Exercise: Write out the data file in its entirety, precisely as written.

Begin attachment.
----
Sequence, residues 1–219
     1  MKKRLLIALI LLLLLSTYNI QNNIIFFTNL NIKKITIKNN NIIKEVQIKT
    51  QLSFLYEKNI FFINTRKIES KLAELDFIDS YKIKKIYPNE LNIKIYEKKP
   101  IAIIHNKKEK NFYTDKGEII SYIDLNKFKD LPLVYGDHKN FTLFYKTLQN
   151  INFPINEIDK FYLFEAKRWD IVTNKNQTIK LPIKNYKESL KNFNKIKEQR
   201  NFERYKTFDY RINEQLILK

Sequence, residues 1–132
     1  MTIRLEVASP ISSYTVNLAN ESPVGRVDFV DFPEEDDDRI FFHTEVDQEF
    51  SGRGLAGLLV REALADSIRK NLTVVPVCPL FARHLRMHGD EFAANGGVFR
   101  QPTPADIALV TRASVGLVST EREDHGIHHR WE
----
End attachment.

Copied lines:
Sequence, residues 1–219
     1  MKKRLLIALI LLLLLSTYNI QNNIIFFTNL NIKKITIKNN NIIKEVQIKT
    51  QLSFLYEKNI FFINTRKIES KLAELDFIDS YKIKKIYPNE LNIKIYEKKP
   101  IAIIHNKKEK NFYTDKGEII SYIDLNKFKD LPLVYGDHKN FTLFYKTLQN
   151  INFPINEIDK FYLFEAKRWD IVTNKNQTIK LPIKNYKESL KNFNKIKEQR
   201  NFERYKTFDY RINEQLILK

Sequence, residues 1–132
     1  MTIRLEVASP ISSYTVNLAN ESPVGRVDFV DFPEEDDDRI FFHTEVDQEF
    51  SGRGLAGLLV REALADSIRK NLTVVPVCPL FARHLRMHGD EFAANGGVFR
   101  QPTPADIALV TRASVGLVST EREDHGIHHR WE